Lytro is probably most well-known for making visually interesting "light-field" cameras, but it has taken that technology in a different direction more recently. The company is now developing high-end VR capture and processing technology, and Google is reportedly very interested in that. According to TechCrunch, Google is in the process of buying Lytro for $40 million.
Founded in 2006, Lytro shipped its first consumer light field camera in 2012. The square tube-shaped device could capture images with multiple focal points, allowing you to change the focus later. It released a more powerful version with a traditional camera form factor in 2014. Unsurprisingly, neither one caught on. Lytro recently dropped the consumer angle and began developing professional VR capture technology.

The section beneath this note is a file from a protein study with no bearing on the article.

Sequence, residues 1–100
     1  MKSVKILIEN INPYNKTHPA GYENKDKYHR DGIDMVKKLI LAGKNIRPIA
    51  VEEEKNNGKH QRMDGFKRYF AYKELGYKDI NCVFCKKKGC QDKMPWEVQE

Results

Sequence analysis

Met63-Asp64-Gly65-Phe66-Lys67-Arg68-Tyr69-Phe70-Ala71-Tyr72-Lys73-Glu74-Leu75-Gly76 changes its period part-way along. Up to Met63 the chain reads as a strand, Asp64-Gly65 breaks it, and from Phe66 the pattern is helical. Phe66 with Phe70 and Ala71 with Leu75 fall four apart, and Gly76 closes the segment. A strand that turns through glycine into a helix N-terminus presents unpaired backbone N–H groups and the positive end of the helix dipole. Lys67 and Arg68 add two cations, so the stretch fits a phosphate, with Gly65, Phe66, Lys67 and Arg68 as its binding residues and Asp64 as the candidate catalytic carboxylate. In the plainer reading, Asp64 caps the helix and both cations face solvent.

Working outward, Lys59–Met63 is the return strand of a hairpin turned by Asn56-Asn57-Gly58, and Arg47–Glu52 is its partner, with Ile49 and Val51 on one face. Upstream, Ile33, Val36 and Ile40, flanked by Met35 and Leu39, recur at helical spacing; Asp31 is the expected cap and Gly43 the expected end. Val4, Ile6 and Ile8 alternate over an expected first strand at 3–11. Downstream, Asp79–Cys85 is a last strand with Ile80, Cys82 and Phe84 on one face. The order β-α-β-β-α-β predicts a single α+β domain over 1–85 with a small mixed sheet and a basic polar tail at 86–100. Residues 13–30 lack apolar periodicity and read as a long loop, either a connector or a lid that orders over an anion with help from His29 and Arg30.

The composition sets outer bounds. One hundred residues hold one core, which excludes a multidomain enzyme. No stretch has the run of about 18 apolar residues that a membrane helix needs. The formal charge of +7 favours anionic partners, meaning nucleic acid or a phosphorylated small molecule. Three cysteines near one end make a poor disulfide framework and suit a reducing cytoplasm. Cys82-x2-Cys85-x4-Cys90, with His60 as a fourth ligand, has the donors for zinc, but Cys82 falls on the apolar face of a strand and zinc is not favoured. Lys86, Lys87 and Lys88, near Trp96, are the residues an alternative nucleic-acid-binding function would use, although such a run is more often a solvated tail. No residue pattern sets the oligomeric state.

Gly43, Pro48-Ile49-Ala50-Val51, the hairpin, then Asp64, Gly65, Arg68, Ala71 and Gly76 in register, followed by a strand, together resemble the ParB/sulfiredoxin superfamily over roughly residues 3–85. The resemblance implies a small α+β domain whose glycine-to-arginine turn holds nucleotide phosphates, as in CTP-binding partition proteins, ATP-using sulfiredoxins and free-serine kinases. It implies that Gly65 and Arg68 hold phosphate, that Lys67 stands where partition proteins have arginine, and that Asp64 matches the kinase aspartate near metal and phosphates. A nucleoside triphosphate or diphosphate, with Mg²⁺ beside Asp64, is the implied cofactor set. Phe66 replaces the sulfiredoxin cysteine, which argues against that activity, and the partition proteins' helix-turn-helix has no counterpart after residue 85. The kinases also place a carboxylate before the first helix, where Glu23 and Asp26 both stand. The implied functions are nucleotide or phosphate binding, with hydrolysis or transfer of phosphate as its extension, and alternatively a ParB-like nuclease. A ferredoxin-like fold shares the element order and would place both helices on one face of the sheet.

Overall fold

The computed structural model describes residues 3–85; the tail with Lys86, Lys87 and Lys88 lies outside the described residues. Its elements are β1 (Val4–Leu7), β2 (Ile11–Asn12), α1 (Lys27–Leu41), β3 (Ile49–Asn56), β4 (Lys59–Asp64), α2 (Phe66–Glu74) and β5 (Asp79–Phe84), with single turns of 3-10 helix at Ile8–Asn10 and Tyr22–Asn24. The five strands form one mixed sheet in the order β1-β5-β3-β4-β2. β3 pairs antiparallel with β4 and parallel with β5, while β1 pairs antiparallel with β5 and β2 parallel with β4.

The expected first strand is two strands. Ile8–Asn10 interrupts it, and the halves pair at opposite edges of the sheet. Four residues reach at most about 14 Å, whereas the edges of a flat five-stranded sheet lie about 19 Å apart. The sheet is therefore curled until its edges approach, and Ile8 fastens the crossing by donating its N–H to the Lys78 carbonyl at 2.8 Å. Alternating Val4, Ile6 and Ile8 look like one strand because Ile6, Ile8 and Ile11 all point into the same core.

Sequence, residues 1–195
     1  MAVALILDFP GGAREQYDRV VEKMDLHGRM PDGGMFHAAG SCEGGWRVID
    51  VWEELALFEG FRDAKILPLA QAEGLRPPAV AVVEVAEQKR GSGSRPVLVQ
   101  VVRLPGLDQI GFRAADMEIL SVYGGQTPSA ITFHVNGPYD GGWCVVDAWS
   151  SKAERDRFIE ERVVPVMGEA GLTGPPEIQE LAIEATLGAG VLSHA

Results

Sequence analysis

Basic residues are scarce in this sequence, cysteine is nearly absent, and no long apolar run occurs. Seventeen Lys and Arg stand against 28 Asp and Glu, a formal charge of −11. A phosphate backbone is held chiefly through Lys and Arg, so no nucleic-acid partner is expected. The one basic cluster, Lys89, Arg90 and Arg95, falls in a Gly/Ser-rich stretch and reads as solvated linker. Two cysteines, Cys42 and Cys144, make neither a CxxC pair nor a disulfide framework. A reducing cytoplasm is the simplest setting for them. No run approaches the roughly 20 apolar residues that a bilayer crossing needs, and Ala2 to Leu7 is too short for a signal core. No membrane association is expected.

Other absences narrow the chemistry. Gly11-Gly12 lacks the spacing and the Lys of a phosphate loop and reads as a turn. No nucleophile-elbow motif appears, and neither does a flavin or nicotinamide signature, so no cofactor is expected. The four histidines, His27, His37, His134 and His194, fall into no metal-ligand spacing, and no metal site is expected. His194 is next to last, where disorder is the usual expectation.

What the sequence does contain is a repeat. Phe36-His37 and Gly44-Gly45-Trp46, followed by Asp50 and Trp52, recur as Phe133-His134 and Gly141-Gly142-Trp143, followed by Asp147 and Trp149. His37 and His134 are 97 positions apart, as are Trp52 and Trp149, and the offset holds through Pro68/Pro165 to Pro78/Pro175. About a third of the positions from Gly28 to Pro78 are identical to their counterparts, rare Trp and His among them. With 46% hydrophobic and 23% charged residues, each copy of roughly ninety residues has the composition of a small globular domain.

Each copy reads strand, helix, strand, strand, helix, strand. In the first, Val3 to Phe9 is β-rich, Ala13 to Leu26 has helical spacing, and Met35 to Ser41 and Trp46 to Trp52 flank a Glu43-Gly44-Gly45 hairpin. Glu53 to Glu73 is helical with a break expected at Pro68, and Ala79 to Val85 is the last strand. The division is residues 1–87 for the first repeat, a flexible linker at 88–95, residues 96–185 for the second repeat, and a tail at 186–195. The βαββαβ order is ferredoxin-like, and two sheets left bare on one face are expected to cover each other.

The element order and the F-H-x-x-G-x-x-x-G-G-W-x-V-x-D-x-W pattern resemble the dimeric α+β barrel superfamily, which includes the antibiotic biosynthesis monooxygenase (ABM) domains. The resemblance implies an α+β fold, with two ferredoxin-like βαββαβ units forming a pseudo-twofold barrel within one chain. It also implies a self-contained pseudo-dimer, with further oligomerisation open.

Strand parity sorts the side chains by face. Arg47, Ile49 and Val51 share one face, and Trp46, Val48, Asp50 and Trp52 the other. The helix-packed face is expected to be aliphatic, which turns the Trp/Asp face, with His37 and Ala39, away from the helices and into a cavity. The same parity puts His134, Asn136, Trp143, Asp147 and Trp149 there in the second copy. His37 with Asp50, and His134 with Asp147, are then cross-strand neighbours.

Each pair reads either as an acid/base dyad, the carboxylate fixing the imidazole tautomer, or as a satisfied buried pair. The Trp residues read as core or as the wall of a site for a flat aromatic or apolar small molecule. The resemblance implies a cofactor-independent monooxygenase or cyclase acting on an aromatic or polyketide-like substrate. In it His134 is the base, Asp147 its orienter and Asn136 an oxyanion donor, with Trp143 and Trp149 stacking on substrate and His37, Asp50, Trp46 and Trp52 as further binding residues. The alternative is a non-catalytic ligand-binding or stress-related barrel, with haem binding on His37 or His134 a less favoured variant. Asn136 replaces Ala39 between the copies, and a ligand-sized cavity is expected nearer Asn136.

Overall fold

At the core of Lytro's technology is a method for recording the "light field" of an image. Thus, you have a composite of all focal planes that can be processed from 2D into 3D. That could be quite useful for VR where accurate 3D representations are essential for immersion and reduction of motion sickness.
If Google does pick up Lytro for $40 million, it won't be a big payday for investors. The company has taken around $200 million in venture funding since its founding more than a decade ago. Google would get Lytro's technology for use in VR, and Lytro's investors would get at least a little of their money back. Neither company has confirmed the deal, though.